BACKGROUND: Wildfire-related fine particulate matter (PM2.5) has many adverse health impacts, but its impacts on human epigenome are unknown. We aimed to evaluate the associations between long-term exposure to wildfire-related PM2.5 and blood DNA methylation, and whether the associations differ from those with non-wildfire-related PM2.5. METHODS: We studied 479 Australian women comprising 132 twin pairs and 215 of their sisters. Blood-derived DNA methylation was measured using the HumanMethylation450 BeadChip array. Data on 3-year (year of blood collection and previous two years) average wildfire-related and non-wildfire-related PM2.5 at 0.01°×0.01° spatial resolution were created by combining information from satellite observations, chemical transport models, and ground-based observations. Exposure data were linked to each participant's home address, assuming the address did not change during the exposure window. For DNA methylation of each cytosine-guanine dinucleotide (CpG), and for global DNA methylation represented by the average of all measured CpGs or CpGs in repetitive elements, we evaluated their associations with wildfire- or non-wildfire-related PM2.5 using a within-sibship analysis controlling for factors shared between siblings and other important covariates. Differentially methylated regions (DMRs) were defined by comb-p and DMRcate. RESULTS: The 3-year average wildfire-related PM2.5 (range: 0.3 to 7.6 µg/m3, mean: 1.6 µg/m3) was negatively, but not significantly (p-values greater than 0.05) associated with all seven global DNA methylation measures. There were 26 CpGs and 33 DMRs associated with wildfire-related PM2.5 (Bonferroni adjusted p-value < 0.05) mapped to 47 genes enriched for pathways related to inflammatory regulation and platelet activation. These genes have been related to many human diseases or phenotypes e.g., cancer, mental disorders, diabetes, obesity, asthma, blood pressure. These CpGs, DMRs and enriched pathways did not overlap with the 1 CpG and 7 DMRs associated with non-wildfire-related PM2.5. CONCLUSIONS: Long-term exposure to wildfire-related PM2.5 was associated with various blood DNA methylation signatures in Australian women, and these were distinct from those associated with non-wildfire-related PM2.5.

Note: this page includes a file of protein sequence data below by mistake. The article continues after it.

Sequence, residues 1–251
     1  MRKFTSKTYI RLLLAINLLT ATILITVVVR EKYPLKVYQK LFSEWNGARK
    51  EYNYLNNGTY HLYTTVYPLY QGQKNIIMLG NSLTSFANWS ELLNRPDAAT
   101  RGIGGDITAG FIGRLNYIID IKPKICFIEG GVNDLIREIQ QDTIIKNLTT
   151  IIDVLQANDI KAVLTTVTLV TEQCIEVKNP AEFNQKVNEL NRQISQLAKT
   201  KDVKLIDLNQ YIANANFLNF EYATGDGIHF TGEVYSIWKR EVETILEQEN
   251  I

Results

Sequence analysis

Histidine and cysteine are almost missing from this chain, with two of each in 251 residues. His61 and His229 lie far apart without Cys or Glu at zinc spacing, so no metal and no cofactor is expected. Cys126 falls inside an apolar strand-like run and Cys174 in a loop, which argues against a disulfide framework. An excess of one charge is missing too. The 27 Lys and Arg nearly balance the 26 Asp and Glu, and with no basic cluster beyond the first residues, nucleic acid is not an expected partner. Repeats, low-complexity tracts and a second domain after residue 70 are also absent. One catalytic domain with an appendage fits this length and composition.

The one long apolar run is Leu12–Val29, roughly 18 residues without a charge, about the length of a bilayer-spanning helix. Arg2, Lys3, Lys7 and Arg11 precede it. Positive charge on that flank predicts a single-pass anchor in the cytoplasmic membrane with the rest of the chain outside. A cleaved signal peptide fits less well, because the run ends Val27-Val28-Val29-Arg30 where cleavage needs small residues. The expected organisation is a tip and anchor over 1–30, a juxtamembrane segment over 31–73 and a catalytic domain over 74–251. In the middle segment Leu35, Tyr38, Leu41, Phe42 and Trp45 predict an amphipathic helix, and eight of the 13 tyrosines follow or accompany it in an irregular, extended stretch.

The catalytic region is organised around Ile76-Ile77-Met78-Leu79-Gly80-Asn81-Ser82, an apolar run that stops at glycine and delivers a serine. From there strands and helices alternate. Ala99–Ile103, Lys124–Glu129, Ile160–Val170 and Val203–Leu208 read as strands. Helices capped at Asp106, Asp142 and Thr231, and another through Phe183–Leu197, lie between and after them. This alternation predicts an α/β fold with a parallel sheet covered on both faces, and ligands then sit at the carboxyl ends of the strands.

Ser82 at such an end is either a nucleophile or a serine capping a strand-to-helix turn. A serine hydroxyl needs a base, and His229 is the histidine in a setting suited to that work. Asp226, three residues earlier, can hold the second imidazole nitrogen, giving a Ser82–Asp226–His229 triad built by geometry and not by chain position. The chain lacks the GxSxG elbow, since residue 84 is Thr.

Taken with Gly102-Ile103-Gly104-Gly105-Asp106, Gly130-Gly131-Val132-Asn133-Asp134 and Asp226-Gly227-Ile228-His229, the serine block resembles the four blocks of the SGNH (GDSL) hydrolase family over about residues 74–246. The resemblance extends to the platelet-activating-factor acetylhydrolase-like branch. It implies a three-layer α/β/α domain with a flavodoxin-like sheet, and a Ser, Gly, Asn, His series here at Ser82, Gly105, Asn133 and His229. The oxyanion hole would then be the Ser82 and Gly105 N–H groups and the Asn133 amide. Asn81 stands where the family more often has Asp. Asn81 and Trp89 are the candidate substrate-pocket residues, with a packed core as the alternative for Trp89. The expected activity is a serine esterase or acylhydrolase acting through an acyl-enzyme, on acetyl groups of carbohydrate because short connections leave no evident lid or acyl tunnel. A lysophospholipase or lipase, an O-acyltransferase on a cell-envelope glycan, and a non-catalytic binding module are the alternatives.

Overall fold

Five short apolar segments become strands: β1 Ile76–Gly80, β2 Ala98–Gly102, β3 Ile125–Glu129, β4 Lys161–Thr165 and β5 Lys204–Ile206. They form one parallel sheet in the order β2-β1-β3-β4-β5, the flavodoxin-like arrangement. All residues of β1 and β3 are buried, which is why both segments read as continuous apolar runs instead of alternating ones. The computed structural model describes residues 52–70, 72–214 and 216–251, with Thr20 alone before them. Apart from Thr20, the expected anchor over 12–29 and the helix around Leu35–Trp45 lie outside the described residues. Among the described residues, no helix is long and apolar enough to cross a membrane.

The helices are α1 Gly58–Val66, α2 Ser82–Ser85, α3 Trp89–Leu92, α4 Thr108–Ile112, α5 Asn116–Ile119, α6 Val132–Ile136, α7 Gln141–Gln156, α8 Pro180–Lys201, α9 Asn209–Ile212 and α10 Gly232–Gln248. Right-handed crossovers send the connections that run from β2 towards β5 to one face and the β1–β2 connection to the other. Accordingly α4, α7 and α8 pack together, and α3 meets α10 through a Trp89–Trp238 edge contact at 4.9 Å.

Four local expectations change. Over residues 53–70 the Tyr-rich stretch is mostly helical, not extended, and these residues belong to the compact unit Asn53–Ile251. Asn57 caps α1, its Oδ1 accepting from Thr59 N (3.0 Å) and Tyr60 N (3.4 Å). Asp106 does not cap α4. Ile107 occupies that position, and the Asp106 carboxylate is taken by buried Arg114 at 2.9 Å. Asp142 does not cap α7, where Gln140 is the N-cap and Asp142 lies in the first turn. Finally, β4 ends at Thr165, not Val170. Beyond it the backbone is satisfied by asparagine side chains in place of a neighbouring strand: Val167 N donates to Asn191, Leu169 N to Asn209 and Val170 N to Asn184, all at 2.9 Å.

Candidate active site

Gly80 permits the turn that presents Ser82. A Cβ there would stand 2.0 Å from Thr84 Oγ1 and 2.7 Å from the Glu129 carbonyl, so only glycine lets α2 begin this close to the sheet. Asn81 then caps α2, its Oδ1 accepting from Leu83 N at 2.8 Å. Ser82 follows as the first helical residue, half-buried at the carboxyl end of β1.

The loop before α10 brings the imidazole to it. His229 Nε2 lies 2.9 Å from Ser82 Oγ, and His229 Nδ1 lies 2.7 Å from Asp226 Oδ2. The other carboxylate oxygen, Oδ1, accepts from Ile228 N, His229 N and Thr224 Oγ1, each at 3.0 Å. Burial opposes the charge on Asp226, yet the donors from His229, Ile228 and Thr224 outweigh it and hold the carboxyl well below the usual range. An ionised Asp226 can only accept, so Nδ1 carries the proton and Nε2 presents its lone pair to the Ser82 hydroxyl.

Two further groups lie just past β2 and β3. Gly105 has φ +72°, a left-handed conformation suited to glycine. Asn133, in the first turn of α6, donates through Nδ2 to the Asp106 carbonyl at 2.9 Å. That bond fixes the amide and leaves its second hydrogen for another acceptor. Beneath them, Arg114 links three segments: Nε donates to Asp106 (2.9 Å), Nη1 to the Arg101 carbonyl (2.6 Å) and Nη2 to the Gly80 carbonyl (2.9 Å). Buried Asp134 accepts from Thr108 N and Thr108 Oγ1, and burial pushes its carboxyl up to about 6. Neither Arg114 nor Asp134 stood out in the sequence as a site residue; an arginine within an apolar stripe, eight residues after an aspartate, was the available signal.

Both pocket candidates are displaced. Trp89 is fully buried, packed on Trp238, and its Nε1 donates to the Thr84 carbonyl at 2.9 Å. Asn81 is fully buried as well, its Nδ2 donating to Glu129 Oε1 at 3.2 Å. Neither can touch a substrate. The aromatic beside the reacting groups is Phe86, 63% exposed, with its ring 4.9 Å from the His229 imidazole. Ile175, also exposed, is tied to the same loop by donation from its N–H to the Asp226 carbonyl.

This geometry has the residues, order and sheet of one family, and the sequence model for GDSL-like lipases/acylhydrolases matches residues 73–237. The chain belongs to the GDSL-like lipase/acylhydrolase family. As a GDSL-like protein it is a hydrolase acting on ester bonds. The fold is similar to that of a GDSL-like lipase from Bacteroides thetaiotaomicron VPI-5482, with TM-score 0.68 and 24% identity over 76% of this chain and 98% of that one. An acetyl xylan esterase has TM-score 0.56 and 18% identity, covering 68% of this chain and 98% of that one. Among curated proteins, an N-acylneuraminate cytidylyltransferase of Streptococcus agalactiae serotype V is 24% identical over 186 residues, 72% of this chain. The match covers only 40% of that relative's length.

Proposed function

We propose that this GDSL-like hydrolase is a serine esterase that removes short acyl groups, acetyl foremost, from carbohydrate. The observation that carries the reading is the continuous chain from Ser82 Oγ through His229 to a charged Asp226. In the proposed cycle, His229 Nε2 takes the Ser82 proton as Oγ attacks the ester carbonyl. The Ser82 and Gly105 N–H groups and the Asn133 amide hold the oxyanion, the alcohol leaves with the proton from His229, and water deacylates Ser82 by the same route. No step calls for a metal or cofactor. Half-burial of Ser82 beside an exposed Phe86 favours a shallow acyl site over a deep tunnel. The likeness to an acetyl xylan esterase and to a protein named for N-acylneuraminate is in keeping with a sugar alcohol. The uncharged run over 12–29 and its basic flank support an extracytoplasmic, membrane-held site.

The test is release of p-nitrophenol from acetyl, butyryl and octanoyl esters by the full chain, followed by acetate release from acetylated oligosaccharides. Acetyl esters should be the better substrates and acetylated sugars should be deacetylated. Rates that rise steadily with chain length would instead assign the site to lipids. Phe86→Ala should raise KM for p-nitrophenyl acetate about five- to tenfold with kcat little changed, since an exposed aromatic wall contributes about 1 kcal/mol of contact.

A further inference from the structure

Assuntos
Poluentes Atmosféricos , Incêndios Florestais , Humanos , Feminino , Poluentes Atmosféricos/análise , Metilação de DNA , Austrália , Material Particulado/análise